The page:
“Being able to race in front of all of the servicemen and women who work and call the base (MCAS New River) home is truly special, and on top of that we get to compete with them on July 4th weekend,” Wiman said. “I am really looking forward to the first practice session so we can truly see how fast this course is.”

Of note, the Subaru Rally Team returns for the first time this year with Sverre Isachsen and Bucky Lasek. Rhys Millen (Hyundai Veloster) misses his first weekend of the year.

Coverage of both races is at 5 p.m. ET on NBC, each of Saturday and Sunday.

Hunter Lawrence defends Haiden Deegan after controversial block pass at Detroit


Media and fan attention focused on a controversial run-in between Haiden Deegan and his Monster Energy Yamaha Star Racing teammate Jordon Smith during Round 10 of the Monster Energy Supercross race at Detroit, after which the 250 East points’ Hunter Lawrence defends the young rider in the postrace news conference.

Deegan took the early lead in Heat 1 of the round, but the mood swiftly changed when he became embroiled in a spirited battle with teammate Smith.

On Lap 3, Smith caught Deegan with a fast pass through the whoops. Smith briefly held the lead heading into a bowl turn but Deegan had the inside line and threw a block pass. In the next few turns, the action heated up until Smith eventually ran into the back of Deegan’s Yamaha and crashed.

One of the highlights of the battle seemed to include a moment when Deegan waited on Smith in order to throw a second block pass, adding fuel to the controversy.

After his initial crash, Smith fell to seventh on the next lap. He would crash twice more during the event, ultimately finishing four laps off the pace in 20th.

The topic was inevitably part of the postrace news conference.

“It was good racing; it was fun,” Deegan said at about the 27-minute mark in the video above. “I just had some fun doing it.”

Smith had more trouble in the Last Chance Qualifier. He stalled his bike in heavy traffic, worked his way into a battle for fourth with the checkers in sight, but crashed a few yards shy of the finish line and was credited with seventh. Smith earned zero points and fell to sixth in the standings.

Lawrence defends Deegan
Jordon Smith failed to make the Detroit Supercross Main and fell to sixth in the points. – Feld Motor Sports

“I think he’s like fifth in points,” Deegan said. “He’s a little out of it. Beside that it was good, I don’t know. I wasn’t really paying attention.”

Deegan jokingly deflected an earlier question with the response that he wasn’t paying attention during the incident.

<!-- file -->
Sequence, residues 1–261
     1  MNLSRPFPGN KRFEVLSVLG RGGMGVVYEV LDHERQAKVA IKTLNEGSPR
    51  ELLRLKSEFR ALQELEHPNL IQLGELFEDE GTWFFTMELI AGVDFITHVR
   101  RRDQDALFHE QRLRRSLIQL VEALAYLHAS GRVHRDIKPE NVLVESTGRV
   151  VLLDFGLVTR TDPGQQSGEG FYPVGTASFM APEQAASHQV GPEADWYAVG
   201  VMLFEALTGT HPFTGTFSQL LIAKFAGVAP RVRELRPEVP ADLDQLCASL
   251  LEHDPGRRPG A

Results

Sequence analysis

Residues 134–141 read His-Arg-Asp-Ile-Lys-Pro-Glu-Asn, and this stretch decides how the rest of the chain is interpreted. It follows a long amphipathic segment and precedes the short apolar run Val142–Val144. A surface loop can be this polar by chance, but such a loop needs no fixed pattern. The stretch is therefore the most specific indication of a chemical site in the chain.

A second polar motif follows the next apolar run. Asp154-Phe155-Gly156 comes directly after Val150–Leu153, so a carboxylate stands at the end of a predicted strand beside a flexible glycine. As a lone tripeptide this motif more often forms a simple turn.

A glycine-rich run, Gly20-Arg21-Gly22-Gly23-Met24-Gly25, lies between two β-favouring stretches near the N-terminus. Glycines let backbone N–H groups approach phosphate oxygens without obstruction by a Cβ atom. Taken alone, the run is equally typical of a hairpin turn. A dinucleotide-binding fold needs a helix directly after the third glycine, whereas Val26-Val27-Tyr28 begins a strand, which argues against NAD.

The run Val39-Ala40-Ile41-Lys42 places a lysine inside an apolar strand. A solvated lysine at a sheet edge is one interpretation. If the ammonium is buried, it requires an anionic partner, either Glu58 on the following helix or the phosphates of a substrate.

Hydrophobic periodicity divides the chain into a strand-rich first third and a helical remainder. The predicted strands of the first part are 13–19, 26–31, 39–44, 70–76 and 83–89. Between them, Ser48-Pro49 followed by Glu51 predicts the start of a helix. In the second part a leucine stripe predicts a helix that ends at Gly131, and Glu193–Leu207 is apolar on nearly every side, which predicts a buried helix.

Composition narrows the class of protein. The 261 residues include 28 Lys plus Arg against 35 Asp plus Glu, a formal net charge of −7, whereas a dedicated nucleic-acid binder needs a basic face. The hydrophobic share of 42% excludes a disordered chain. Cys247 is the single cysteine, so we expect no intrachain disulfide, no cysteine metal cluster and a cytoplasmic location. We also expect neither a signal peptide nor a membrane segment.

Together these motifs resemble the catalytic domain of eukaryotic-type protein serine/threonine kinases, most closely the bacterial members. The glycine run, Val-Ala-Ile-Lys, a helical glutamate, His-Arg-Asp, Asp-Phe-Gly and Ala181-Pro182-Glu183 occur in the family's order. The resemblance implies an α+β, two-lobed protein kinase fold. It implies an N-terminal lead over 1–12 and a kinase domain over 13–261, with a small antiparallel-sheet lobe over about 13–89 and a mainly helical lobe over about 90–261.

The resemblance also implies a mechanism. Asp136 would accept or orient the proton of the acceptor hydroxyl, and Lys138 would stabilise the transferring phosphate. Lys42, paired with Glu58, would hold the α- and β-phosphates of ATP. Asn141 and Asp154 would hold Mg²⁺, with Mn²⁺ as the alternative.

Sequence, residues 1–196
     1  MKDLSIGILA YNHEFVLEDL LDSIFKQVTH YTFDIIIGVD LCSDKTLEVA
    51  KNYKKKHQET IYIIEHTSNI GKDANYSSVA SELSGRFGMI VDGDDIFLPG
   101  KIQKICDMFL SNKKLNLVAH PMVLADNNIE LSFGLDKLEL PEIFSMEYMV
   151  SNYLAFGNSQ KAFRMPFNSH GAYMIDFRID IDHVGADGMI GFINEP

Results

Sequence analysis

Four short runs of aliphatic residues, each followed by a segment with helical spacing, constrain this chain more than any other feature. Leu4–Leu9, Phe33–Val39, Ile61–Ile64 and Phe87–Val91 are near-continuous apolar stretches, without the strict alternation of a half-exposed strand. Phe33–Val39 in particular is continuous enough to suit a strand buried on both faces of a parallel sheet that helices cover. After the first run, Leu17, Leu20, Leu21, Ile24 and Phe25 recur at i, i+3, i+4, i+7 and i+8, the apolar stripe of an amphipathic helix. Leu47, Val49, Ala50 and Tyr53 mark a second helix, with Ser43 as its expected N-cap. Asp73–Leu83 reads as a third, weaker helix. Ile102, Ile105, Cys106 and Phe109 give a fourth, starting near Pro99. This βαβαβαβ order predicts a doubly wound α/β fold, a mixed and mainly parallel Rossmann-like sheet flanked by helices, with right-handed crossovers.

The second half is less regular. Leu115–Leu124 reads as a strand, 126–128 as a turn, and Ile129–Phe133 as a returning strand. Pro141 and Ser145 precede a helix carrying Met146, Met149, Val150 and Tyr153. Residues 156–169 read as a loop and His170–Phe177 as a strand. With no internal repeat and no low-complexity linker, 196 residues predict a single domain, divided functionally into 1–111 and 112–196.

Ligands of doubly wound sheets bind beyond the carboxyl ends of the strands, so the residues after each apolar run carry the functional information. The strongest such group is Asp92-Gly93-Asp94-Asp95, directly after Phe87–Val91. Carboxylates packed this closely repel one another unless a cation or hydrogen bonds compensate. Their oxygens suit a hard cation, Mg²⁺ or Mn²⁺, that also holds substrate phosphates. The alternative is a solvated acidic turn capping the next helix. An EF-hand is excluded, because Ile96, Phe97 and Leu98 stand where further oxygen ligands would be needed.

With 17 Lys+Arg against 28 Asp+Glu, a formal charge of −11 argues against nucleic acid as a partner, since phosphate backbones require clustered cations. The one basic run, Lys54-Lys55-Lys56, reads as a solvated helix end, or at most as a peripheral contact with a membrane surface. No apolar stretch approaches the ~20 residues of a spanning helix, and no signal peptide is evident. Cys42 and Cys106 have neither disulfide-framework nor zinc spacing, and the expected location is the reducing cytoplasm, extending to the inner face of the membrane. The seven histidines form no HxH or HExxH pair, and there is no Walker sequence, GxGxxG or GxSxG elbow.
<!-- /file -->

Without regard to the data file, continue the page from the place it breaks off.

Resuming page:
“He’s my teammate, but he’s a veteran, he’s been in this sport for a while,” Deegan said. “I was up there just battling. I want to win as much as everybody else. It doesn’t matter if it’s a heat race or a main; I just want to win. I was just trying to push that.”

As Deegan and Smith battled, Jeremy Martin took the lead. Deegan finished second in the heat and backed up his performance with a solid third-place showing in the main, which was his second podium finish in a short six-race career. Deegan’s first podium was earned at Daytona, just two rounds ago.

But as Deegan struggled to find something meaningful to say, unsurprisingly for a 17-year-old rider who was not scheduled to run the full 250 schedule this year, it was the championship leader Lawrence who came to his defense.

Lawrence defends Deegan
A block pass by Haiden Deegan led to a series of events that eventually led to Jordon Smith failing to make the Main. – Feld Motor Sports

“I just want to point something out, which kind of amazes me,” Lawrence said during the conference. “So many of the people on social media, where everyone puts their expertise in, are saying the racing back in the ’80s, the early 90s, when me were men. They’re always talking about how gnarly it was and then anytime a block pass or something happens now, everyone cries about it.

“That’s just a little bit interesting. Pick one. You want the gnarly block passes from 10 years ago and then you get it, everyone makes a big song and dance about it.”

Pressed further, Lawrence defended not only the pass but the decision-making process that gets employed lap after lap in a Supercross race.

“It’s easy to point the finger,” Lawrence said. “We’re out there making decisions in a split millisecond. People have all month to pay their phone bill and they still can’t do that on time.

“We’re making decisions at such a fast reaction [time with] adrenaline. … I’m not just saying it for me or Haiden. I speak for all the guys. No one is perfect and we’re under a microscope out there. The media is really quick to point a finger when someone makes a mistake.”

The media is required to hold athletes accountable for their actions. They are also required to tell the complete story.